The new tariff percentage will likely be about 10 percent, below the 25 percent announced when the Trump administration first said it was considering this round of tariffs, the Wall Street Journal said, citing sources familiar with the matter.
On Thursday, Trump suggested that the US was not in a rush to strike a trade deal with China. The US president denounced a Wednesday article in the Wall Street Journal claiming that US Treasury Secretary Steve Mnuchin had reached out to senior Chinese officials offering another round of trade talks.
Trump promised last week that these new levy measures would not be the last, arguing that China has not given up what he considers to be unfair trade practices.
China-US trade tensions sharply escalated in March, after Trump announced high import duties on steel and aluminum. Since then, Washington and Beijing exchanged several rounds of tit-for-tat tariffs, with bilateral trade consultations failing to yield results.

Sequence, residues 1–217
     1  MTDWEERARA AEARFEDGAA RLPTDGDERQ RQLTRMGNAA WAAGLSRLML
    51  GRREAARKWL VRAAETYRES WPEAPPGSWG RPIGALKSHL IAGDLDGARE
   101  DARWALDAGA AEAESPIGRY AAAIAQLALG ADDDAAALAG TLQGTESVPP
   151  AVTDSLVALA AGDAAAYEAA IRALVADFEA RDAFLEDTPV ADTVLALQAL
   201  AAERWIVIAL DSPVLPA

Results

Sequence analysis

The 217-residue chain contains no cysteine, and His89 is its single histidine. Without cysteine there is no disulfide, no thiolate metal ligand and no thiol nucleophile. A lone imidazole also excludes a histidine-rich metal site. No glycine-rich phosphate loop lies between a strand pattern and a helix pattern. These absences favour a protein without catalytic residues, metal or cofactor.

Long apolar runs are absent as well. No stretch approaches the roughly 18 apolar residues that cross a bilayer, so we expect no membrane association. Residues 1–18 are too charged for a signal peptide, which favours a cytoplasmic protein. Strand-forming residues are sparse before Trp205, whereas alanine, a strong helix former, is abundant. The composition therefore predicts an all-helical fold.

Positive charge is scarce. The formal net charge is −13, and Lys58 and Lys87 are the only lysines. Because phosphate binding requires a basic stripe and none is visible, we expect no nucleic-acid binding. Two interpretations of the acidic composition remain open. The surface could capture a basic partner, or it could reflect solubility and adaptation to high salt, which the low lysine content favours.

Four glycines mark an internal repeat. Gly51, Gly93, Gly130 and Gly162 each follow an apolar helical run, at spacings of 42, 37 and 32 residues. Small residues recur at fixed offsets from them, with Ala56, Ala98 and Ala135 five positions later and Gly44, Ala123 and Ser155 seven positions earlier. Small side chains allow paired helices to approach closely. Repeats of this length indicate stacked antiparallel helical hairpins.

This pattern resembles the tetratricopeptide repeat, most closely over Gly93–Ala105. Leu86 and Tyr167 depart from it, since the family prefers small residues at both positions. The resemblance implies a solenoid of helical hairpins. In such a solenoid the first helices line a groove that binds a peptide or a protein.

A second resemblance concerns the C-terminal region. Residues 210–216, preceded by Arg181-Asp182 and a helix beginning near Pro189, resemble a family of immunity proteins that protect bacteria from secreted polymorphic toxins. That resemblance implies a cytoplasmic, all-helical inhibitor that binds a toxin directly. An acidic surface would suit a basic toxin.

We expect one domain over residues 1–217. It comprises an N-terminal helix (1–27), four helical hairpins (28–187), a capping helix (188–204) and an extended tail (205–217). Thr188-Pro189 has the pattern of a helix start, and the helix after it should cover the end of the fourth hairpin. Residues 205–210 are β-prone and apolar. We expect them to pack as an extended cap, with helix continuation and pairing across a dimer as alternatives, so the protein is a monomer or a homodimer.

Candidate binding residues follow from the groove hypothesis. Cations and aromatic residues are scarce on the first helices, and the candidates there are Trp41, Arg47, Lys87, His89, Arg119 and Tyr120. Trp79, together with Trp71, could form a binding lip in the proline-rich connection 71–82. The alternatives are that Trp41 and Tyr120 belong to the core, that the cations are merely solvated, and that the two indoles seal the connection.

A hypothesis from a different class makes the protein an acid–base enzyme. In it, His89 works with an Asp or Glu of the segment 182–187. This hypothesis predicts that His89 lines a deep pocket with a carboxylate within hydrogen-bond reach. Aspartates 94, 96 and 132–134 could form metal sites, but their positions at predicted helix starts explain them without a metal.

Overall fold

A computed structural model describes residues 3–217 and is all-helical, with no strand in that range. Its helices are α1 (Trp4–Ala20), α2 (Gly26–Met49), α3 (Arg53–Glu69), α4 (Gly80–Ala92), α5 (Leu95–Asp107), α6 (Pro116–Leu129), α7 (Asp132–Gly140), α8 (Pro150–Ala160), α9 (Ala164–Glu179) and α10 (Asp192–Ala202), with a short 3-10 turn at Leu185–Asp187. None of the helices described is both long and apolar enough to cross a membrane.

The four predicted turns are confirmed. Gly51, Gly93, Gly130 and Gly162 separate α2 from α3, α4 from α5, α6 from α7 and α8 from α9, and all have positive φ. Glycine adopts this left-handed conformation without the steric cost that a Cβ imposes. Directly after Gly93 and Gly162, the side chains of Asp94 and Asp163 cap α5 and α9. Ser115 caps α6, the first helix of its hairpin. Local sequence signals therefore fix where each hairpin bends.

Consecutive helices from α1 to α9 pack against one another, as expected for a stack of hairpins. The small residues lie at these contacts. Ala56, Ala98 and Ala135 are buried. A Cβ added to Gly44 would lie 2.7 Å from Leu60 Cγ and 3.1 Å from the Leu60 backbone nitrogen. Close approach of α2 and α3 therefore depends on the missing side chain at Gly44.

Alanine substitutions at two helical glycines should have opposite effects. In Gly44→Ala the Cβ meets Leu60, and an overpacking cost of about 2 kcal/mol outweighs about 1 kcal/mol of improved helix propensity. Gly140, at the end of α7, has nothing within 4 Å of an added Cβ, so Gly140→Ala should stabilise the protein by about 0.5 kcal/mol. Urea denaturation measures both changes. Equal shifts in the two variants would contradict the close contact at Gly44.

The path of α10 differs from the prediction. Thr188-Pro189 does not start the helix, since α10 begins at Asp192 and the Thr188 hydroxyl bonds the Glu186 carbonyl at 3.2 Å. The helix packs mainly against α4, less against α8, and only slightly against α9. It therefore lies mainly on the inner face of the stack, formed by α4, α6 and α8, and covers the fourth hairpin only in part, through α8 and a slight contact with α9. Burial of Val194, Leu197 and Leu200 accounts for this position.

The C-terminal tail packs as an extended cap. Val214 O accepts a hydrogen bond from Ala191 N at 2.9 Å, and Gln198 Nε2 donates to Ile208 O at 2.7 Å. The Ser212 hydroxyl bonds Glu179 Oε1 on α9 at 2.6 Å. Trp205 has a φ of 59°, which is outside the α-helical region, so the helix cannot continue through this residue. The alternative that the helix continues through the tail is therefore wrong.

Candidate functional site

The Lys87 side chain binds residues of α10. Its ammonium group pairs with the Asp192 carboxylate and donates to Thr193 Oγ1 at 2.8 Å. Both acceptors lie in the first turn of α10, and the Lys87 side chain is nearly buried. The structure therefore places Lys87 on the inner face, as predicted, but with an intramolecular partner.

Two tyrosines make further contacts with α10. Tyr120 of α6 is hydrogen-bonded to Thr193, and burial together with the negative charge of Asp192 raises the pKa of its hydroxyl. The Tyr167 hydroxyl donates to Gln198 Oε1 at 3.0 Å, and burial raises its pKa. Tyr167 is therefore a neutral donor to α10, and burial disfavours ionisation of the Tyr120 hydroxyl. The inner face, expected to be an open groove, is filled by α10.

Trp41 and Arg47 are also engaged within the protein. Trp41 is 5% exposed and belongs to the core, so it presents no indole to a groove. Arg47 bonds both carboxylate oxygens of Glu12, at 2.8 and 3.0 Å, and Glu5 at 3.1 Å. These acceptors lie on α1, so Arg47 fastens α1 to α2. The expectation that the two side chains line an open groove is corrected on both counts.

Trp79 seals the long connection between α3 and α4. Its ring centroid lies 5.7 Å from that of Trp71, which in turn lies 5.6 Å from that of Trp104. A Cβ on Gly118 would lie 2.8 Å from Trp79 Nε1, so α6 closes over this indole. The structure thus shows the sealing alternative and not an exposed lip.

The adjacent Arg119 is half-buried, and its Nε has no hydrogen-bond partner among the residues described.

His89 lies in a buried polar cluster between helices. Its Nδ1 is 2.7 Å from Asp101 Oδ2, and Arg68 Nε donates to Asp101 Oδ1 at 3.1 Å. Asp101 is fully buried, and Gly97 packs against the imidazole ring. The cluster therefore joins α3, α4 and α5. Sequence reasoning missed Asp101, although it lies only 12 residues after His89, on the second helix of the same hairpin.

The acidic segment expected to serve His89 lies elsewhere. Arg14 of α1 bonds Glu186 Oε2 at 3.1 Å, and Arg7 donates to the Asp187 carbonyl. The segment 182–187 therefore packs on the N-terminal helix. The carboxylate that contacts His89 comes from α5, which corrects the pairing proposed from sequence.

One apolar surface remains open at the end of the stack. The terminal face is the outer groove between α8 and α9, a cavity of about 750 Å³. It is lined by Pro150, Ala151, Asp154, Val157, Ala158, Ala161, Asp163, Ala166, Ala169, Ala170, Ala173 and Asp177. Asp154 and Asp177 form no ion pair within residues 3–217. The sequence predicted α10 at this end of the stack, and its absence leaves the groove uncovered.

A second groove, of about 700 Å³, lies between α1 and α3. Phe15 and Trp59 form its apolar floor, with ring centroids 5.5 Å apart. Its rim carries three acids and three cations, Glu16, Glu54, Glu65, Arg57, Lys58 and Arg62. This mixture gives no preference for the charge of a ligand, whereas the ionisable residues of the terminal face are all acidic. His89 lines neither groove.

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Beijing cited in its request Washington’s non-compliance with a ruling over US dumping duties. The move could lead to years of legal wrangling. In addition, Beijing has repeatedly vowed to retaliate if the US takes any new steps to impose tariffs.
According to Reuters, the new $200 billion tariff list would include various internet technology products, electronics, printed circuit boards, and consumer goods ranging from handbags to bicycles and furniture. Adding in the $200 billion list and another $267 billion of Chinese goods, total imports from China facing tariffs would exceed the $505 billion in goods that the United States imported from China last year.
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